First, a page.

Session Documents

Math and Making Open Conference Notes


5.  Research Questions and Priorities Maths through Making;  Using Making to Teach Math

Facilitator:  Noel Jackson


Up to age 7 years.

  • Number (up to 1000)
  • Simple addition, subtraction,
  • Multiplication (2x,3x,4x,5x, 10x tables)
  • Simple division into parts
  • Shapes

Up to age 11 years

  • Larger numbers
  • Tables up to 12x
  • Long multiplication
  • Long division
  • Decimals
  • Bar charts
  • Averages

Up to age 14

  • Graphs
  • Cartesian coordinates

Up to age 16

  • Trigonometry
  • Infinity
  • Vectors
  • Pre-calculus
  • Mechanics

Up to age 18

  • Calculus
  • Statistics
  • Functions
  • Proof

We didn’t spend so much time discussing the key areas for the older students so these areas would probably benefit for some further thought.


A key area identified was the development of MATHS SENSE which ran all the way through the progression , where students intuited a feel for what the answer should be.  It was felt that the peer-to-peer discussion inherent in making activities were particularly well suited for developing this ability.  Many maker activities will inherently develop maths sense but students would benefit from participation in activities where this was specifically encouraged.

We appreciate that the Noticing Tools developed at NYHSci are tackling some of the areas identified



We only had time to brainstorm on topic and selected Fractions as we thought we might be able to identify maker activities which did the job.

COOKING – any kind of baking where proportions could be changed or where a recipe given in parts had to be translated into measured quantities or adjusted to produce a different amount of product

  • Drink Mix (no cooking required)
  • Chocolate Chip Cookies
  • Microwave cakes
  • Pizza base – has the advantage that the finished product can be used for the traditional method of teaching fractions

STOP-MOTION ANIMATION – where a film is made frame by frame and each frame lasts a fraction of a second, production of the storyboard and then the film requires use of fractions to get a result that runs in real time.

DRUM MACHINE PRGRAMMING – Simple beatbox programmes play on a cycle and pleasing rhythms are made when the beats fall on fractions of the pulse.  Even stabs are fractional with a higher denominator than the main beat.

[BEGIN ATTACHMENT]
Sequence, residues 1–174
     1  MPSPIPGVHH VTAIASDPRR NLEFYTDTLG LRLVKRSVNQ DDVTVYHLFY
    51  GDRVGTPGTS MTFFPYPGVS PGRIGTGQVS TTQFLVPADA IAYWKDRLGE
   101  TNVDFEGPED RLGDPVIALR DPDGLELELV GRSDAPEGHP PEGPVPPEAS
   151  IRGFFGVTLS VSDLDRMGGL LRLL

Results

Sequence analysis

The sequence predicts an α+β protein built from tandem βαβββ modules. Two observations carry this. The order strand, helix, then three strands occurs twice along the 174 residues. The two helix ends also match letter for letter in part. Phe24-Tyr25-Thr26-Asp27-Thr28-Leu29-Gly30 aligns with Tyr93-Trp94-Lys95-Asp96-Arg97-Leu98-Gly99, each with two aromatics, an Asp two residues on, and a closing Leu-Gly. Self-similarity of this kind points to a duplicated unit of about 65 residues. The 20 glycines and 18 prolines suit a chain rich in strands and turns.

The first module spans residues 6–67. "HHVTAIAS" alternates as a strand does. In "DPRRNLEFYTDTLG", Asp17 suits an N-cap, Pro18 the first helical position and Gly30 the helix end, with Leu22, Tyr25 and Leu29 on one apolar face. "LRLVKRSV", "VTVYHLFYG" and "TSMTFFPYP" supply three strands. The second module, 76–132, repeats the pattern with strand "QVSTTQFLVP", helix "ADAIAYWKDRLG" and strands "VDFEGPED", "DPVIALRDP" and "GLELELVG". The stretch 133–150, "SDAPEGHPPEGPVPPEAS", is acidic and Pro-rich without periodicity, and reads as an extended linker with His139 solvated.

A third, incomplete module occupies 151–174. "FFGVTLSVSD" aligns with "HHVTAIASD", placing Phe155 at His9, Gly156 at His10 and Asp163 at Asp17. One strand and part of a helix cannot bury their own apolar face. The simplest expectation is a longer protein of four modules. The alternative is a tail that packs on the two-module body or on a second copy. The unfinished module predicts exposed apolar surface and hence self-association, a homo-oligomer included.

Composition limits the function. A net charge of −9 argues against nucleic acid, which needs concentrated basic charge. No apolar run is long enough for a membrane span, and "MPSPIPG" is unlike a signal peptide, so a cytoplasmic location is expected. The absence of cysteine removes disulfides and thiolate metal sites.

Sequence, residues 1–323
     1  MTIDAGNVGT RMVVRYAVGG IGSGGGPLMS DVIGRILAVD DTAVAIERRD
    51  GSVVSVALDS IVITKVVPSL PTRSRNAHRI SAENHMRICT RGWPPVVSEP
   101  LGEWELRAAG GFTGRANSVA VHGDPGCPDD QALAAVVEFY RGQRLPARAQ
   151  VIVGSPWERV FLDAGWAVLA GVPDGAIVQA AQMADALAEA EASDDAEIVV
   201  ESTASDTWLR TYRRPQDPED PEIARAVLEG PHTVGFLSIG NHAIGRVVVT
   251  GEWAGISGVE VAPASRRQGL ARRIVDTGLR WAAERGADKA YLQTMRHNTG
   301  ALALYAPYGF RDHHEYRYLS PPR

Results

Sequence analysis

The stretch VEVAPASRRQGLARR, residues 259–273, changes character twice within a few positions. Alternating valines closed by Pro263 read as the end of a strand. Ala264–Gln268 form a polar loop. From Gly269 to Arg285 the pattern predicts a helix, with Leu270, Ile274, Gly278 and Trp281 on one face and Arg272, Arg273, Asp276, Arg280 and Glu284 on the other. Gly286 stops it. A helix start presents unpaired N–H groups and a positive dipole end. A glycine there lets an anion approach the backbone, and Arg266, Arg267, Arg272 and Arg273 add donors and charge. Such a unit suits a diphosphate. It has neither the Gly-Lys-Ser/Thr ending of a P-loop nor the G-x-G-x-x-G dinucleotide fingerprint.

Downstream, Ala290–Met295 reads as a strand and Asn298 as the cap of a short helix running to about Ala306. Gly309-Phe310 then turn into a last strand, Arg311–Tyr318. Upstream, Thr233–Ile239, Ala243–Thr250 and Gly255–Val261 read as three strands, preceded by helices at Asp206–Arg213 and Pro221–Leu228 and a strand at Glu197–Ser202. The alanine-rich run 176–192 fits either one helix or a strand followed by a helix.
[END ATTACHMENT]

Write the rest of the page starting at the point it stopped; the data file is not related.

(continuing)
HAIR BRAIDS – braiding can be codified in terms of moving proportions of the hair to a new position

SCALE MODELS – measuring something and then producing a toy version . This idea very much depends on the facilities for building to hand for building the scale model.

  • 3D printing
  • Clay modelling to make a vacuum formed product (works for cars)
  • LEGO buildings

MAKING COLOURS – students use a colour chart to select the colourway they will use to decorate something they have made.  A given colour is expressed fractionally (eg ½ dark red, 1/8 dark blue, ¼ light blue, the rest white) and students are told that they are allowed so many mls of paint. They use syringes with the base colours to make up their pallets. A further sophistication is that if students are only allowed small volumes of each colour, they will need to come back and remix more paint to the same recipe. If they are successful, the different colours will match.

It was thought that the object that students decorated was something that they made following fractional instructions then this was the basis for a complete workshop.

BALLOON ANIMALS – students are shown how to make a balloon dog by dividing a long balloon into fractional parts for the nose, ears, neck, forelegs, body, hind legs and tail. They are then asked to use their imagination to create different animals by changing the proportions of the parts (long neck = giraffe, long body = dachshund etc.) they have to write instructions so that others can make the same animals, expression=ng each part as an appropriate fraction of the balloon length.